Alumnus’ Gift Takes Students Back to Medieval Times
By Irene Gashurov
Above: Last November, Voelkle gave a talk in Special Collections about the facsimiles and originals.
The 21 stunning facsimiles include such treasures as The Crusader Bible, made in Paris in the 1240s; Las Huelgas Apocalypse (1220), the largest surviving Spanish illuminated commentary on the Apocalypse; and a sixth-century gospel manuscript on purple parchment known as the Rossano Gospels. The facsimiles are from Voelkle’s private collection, half of which are replicas of manuscripts from the Morgan Library, where he served as head of medieval and Renaissance manuscripts. The facsimiles are modern copies of original medieval manuscripts that date from the sixth to 16th centuries. Fashioned with real gold leaf and a preponderance of images in intense colors, they are in every way impressive surrogates of the originals, down to the pages that sound like fine parchment when they are turned.
With the age of buying such masterpieces long over, the fragile originals created before the advent of printing belong to the great museums and libraries, where they are kept in climate-controlled vaults. This was not how these books were meant to be used, said Voelkle. To be fully appreciated, a manuscript must be read through, page by page, to reveal its whole system of ornamentation and writing.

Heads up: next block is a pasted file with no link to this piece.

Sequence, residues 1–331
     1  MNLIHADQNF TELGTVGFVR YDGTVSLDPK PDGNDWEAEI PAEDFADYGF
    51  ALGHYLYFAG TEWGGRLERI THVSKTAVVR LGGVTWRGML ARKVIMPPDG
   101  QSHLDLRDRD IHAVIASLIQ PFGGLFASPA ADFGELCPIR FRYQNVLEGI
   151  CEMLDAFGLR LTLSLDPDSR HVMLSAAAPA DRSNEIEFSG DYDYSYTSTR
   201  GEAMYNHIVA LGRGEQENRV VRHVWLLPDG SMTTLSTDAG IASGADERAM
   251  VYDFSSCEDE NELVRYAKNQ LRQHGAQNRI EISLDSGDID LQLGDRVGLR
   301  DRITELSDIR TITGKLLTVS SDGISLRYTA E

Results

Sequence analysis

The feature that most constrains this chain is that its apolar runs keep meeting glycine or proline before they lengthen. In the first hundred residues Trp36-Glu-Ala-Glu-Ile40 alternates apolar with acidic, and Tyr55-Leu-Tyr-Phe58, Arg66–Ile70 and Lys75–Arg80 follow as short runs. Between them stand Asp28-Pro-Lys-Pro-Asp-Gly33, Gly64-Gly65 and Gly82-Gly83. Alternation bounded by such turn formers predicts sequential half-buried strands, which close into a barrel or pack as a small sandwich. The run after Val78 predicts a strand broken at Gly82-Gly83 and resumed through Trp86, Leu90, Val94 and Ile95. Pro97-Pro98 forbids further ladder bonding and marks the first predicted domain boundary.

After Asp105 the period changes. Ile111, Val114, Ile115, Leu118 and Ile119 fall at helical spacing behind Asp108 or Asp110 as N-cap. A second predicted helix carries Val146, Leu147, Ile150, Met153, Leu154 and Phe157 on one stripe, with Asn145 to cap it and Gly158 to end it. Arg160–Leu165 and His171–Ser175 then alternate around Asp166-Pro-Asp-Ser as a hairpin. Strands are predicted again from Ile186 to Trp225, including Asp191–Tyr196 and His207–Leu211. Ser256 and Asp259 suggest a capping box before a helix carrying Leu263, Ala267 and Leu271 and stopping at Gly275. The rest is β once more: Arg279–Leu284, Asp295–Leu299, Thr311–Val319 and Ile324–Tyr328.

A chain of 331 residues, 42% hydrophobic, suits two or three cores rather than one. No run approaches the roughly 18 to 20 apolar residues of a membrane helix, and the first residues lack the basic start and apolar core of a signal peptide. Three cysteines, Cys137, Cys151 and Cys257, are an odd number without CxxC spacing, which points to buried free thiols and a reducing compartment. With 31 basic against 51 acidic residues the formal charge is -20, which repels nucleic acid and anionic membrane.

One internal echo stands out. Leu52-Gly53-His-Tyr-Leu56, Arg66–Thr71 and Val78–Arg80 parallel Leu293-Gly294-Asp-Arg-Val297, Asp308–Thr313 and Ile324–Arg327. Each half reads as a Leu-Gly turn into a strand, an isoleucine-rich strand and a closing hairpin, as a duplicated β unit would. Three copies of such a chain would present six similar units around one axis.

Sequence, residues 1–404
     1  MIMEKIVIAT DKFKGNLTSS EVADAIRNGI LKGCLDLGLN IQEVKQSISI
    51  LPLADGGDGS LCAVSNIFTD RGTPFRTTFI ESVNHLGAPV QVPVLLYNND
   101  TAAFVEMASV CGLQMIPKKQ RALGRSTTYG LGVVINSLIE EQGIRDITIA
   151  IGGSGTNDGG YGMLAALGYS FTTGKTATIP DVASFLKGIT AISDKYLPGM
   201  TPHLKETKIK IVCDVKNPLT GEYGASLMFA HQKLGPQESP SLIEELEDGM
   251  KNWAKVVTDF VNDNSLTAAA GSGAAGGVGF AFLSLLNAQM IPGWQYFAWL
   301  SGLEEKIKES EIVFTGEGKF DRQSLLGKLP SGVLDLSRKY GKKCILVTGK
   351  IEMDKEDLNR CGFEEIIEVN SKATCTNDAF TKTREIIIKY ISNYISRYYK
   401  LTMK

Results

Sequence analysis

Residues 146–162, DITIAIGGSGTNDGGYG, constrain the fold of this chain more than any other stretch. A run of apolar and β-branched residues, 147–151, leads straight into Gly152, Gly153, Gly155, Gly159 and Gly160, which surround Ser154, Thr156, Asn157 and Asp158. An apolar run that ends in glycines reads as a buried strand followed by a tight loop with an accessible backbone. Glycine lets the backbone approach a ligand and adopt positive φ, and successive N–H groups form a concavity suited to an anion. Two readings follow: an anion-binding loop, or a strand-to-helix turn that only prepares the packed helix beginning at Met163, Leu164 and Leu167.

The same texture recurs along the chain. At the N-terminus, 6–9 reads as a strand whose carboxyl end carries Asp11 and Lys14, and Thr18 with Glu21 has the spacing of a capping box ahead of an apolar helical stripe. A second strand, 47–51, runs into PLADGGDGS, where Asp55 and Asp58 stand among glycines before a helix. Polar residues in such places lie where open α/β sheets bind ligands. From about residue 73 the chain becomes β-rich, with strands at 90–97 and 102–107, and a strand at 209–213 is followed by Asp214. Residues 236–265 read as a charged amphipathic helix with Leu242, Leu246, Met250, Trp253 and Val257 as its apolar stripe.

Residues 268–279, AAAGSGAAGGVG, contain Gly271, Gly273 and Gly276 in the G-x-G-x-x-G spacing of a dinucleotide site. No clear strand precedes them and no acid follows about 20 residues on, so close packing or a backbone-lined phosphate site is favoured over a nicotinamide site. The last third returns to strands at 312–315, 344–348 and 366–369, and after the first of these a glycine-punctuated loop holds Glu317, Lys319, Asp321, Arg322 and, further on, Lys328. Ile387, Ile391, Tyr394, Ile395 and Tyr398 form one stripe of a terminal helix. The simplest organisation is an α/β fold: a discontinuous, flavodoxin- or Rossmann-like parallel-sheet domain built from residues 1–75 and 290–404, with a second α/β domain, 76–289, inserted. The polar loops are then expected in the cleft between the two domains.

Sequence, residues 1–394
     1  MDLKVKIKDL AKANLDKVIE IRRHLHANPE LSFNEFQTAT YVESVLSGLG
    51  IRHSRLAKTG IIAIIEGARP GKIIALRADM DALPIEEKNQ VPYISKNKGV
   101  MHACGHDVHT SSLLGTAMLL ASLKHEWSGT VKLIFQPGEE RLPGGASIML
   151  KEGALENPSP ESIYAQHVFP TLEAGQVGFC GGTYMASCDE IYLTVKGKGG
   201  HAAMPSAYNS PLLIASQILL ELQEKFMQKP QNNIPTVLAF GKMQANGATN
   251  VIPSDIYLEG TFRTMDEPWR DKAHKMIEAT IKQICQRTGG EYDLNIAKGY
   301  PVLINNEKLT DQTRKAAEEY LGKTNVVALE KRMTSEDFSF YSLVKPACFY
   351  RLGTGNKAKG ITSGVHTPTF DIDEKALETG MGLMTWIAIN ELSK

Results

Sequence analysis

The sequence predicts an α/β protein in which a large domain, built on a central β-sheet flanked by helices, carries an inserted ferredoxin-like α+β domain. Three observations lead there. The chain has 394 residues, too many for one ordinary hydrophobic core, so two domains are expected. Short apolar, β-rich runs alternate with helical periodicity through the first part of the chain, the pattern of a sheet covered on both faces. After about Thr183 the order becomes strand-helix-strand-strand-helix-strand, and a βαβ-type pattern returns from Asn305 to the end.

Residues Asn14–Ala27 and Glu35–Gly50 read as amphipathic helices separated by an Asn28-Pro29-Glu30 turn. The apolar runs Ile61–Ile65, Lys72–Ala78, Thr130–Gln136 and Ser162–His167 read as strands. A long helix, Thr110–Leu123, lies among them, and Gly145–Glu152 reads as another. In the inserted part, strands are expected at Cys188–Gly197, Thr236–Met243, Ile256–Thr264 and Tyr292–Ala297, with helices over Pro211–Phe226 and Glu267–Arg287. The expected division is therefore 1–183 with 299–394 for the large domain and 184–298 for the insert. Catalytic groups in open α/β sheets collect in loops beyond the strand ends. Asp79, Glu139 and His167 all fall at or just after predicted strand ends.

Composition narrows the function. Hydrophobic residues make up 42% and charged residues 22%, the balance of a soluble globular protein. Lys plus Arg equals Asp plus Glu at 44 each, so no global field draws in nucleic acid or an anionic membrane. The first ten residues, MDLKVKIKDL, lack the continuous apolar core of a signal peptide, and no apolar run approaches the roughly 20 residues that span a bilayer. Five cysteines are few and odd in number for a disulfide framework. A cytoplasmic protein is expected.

Above: A page from the facsimile of The Crusader Bible.
In their time, readers, albeit the privileged few, held up these devotional books and prayed with them, organized their lives around them and learned to read with them. Bridget Whearty, assistant professor of English at Binghamton University, said having the facsimiles in your hands gives a sense of the way medieval readers would have interacted with them.
“As a reader, you have to let the book control you a little bit,” said Whearty. “And that’s what facsimiles give us: a gateway into another world.”
A Turning Point at Harpur College
A different world is precisely what Voelkle encountered when he enrolled in Kenneth Lindsay’s Art 101 survey course at Harpur College in the late 1950s. The fine arts were then the furthest thing from Voelkle’s mind. An Endicott native, he eschewed the popular trend of working at IBM and chose to pursue a degree in mathematics at Harpur College. The Lindsay course, which he took to fulfill a humanities requirement, was transformative.
In a semester, he learned about the history of civilization, from cave painting to the 20th century. Voelkle said Lindsay was an inspirational teacher, drawing from his experience as a Monuments Man, who with his recovery team searched for places where Nazis had hidden Europe’s treasures and who occasionally used the photographic collection of these treasures for his classes. After a second course with Lindsay on Northern Renaissance painting, in which he learned about the iconography and the hidden symbolism of the artworks, Voelkle was hooked.
After completing a bachelor’s degree in mathematics, Voelkle stayed at Harpur College for a fifth year, taking all of the art history classes that were offered to prepare for graduate work at Columbia University. During the summers he worked at Harpur, where he mounted his first exhibition in 1963: "Dutch and Flemish Drawings of the 16th and 17th Centuries,” 37 exquisite facsimiles of drawings from the Rijksmuseum, “was an omen of things to come,” Voelkle said.